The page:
By Evan Leahy
On Friday, February 5, retired astronaut, Capt. Wendy Lawrence, spoke at an event cosponsored by Whatcom Community College’s Engineering and STEM clubs, speaking about the STS-114 shuttle flight she captained, the path that got her there and what it’s like to get to live out one’s dreams. “It is AMAZING!” she said.
Lawrence said she was mesmerized by the historic Apollo 11 mission when she saw it on television at the age of 10. She said she remembered thinking to herself, “Coolest job ever! That’s what I want to do!”
Lawrence was warned that it would be a difficult path for her, particularly because she was a woman, she said. Lawrence added that her father, a Naval aviator at the time, encouraged her and suggested that, if that was really what she wanted to do, she do all the same things other astronauts before her had done. Lawrence added that, after a lot of work and study, she ultimately ended up getting accepted to the Naval Academy and was on her way to becoming an astronaut.
Lawrence said that, as a freshman Aeronautics engineering major at the Naval Academy, she heard senior students in the same program talking about how impossible their workloads were and she said she gave up before she ever really tried. She said the alternative she chose was ocean engineering and, while she loved it, that she wished she hadn’t initially given up on herself so easily.
“Making your dreams come true is not an easy thing,” Lawrence said. She later added that it can be even harder to do as a minority in one’s particular chosen field, but that “if you can persevere,” Lawrence said, ”you will be a better person.”
STS-114 was the first shuttle mission to follow the Columbia re-entry disaster of 2003 and Capt. Lawrence said the NASA team had to pull together to persevere after that tragedy. She said that there were people still in space relying on shuttle missions and that careful review would have to happen before NASA could complete those missions, highlighting the importance of teamwork and maintaining focus.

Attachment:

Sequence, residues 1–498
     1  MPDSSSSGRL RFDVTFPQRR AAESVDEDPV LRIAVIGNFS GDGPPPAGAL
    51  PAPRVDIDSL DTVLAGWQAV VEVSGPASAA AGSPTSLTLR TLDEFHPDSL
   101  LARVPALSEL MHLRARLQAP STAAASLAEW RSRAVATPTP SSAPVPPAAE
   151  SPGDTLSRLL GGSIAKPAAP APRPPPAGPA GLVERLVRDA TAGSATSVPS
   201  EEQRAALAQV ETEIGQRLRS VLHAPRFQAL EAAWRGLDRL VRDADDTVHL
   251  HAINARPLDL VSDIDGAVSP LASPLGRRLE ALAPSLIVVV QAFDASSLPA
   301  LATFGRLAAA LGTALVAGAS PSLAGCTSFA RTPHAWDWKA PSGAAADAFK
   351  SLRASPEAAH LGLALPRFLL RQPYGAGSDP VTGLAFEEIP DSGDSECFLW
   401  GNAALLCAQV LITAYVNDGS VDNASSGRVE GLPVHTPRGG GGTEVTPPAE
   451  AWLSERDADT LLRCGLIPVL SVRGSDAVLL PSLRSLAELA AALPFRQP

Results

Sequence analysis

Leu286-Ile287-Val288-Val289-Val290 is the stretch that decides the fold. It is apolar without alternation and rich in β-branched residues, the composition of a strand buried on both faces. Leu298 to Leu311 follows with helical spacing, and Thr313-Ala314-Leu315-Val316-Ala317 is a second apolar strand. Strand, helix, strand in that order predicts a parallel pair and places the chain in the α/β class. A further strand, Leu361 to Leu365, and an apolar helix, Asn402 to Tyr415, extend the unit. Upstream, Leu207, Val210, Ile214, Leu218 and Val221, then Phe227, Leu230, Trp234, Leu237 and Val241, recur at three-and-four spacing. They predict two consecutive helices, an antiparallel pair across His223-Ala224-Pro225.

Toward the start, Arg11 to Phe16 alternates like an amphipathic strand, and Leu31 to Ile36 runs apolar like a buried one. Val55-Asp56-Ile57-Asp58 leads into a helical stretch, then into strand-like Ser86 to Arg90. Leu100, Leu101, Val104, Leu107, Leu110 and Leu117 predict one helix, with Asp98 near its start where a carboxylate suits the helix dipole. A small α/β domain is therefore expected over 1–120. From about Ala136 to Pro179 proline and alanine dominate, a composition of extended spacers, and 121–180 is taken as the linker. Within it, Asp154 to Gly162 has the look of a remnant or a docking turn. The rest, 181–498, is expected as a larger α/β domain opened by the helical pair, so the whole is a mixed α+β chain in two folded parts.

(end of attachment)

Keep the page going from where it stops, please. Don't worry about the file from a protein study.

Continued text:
Lawrence commended the Russian space program for the work they did to keep operations at the International Space Station running after the tragedy. She said that it was inspiring to see people pull together to make the project work in the face of adversity.
Lawrence said the importance of communication was paramount at NASA, chuckling a little when she said that about half what they do is determine the correct words to use for things. She said that concepts as simple as up and down can become vague when in space. Because of this and the unique nature of the challenges astronauts face, she said that practicing effective communication was crucial in those kinds of challenging situations.
The event drew a very large audience, filling all of Heiner Theater 209 and many additional audience members stood. Much of the audience asked the retired astronaut questions including many of the children in attendance. The event was scheduled from 5 PM until 6, and finally had to be asked to conclude at 6:30, as Lawrence was still answering audience questions. Virtually the entire audience stayed past the scheduled end to hear Lawrence talk with the audience.
Capt. Lawrence mentioned that she had spoken once before at Whatcom Community College for last year’s “Girls Go Tech” workshop and that she was happy to see some familiar faces at Friday’s event.